Avoid all types of pate including vegetable pates and liver products, as they can contain harmful Listeria. These products also contain high levels of vitamin A which can harm your baby.
Raw seafood and ready-to-eat prawns
Raw shellfish, store-bought sushi, and seafood that hasn’t been properly cooked, handled or that contain high levels of mercury should be avoided entirely. Raw seafood can contain bacteria or parasites that may affect the mother or both mother and baby.
Some types of cheeses should be avoided while pregnant. These include mould-ripened soft cheese such as brie or camembert. Blue-veined cheeses should also be avoided as they can contain Listeria, a bacteria that can harm your baby.
Drink only pasteurised or UHT milk (also known as long-life milk). Raw milk should be avoided completely. If raw milk is the only milk available, make sure you boil it first to get rid of any potential Listeria contamination. Other dairy products to avoid include soft serve or fried ice-cream.
Pre-prepared salads or fruit salads, including those found in a buffet bar, may carry a higher risk of Listeria contamination so it’s best to make a salad fresh from your own ingredients. Rockmelon and bean sprouts or raw sprouts should also be avoided, as they also carry a higher risk of Listeria contamination.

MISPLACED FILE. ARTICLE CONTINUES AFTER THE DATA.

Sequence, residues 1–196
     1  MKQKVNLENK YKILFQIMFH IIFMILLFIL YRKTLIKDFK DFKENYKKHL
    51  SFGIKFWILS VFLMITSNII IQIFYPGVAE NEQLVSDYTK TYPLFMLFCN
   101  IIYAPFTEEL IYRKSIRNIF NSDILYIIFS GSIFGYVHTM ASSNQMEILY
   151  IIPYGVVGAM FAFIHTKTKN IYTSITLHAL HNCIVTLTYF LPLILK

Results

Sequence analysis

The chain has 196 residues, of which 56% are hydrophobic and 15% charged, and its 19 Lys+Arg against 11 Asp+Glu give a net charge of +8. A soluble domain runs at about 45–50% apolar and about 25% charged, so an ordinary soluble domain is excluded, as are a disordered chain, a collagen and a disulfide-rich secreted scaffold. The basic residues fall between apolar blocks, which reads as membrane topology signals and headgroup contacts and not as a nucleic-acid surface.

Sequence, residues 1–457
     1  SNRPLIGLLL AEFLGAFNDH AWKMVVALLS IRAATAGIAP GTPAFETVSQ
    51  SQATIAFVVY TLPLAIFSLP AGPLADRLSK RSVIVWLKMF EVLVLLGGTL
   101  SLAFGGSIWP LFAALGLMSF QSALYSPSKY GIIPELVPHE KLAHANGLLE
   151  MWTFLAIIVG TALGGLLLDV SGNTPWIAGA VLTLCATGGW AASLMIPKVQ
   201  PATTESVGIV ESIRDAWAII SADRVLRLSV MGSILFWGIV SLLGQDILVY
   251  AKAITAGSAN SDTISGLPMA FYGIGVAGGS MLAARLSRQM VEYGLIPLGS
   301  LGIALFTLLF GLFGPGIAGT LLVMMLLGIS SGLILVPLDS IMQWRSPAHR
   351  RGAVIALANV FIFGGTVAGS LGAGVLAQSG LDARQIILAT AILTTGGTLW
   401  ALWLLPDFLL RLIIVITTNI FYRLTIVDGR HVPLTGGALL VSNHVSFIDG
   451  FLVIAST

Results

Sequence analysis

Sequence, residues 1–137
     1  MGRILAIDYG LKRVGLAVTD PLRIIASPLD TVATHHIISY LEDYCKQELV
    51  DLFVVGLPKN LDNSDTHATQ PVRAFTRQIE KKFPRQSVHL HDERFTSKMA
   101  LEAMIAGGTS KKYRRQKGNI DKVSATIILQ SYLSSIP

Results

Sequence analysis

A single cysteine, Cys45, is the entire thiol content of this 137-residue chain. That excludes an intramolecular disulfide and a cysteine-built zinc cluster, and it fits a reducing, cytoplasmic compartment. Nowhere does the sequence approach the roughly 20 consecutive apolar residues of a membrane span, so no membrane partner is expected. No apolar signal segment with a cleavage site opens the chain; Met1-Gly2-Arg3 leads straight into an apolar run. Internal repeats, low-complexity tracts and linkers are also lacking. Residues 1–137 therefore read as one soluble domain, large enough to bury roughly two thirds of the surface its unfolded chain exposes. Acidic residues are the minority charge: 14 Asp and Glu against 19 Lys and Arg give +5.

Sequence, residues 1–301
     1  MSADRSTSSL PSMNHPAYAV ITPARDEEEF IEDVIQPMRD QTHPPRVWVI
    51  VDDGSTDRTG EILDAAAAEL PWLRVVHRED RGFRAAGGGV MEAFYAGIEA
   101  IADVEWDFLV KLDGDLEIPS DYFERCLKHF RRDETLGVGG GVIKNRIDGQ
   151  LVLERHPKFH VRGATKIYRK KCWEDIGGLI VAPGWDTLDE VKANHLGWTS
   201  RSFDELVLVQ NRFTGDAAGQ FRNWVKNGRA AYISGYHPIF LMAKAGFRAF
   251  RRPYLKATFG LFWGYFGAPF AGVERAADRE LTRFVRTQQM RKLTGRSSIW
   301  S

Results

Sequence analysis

Foods to eat more of during pregnancy
Overall, aim for a healthy and balanced diet while pregnant. Ensure that you are covering all the 5 food groups, and focus on eating a healthy amount on:
These food groups contain vital sources of protein which help your baby to grow, while fruit and vegetables contain essential vitamins and minerals as well as fibre, which aids digestion and supports a healthy body. Carbohydrates found in bread, cereals, oats, pasta, noodles, potatoes and cornmeal provide an important source of vitamins and fibre and help to keep you feeling fuller for longer.
You will most likely notice that you feel more hungry than usual, but you don’t have to ‘eat for two’ (even if you are expecting twins!). Ensure you’re having frequent yet small wholesome meals throughout the day, especially a big breakfast as this can prevent a drop in sugar levels which leads to snacking and overeating.
While most of the key nutrients & vitamins you need can be found in the food you eat, you may need a supplement to ensure you’re getting all the right nutrients. These include:
Additional products to avoid
In addition to certain foods, there are also additional products or things to avoid while you’re pregnant. The most important ones to avoid completely include:
Bellamy’s Organic Pregnancy Formula is a premium formulated supplementary food carefully crafted to support the health of mothers, pre, during and post-pregnancy.
It provides nutrition to support maternal wellbeing and foetal development, including DHA, GOS & FOS, helping mothers and expectant mothers meet the additional nutritional requirements of pregnancy and breastfeeding.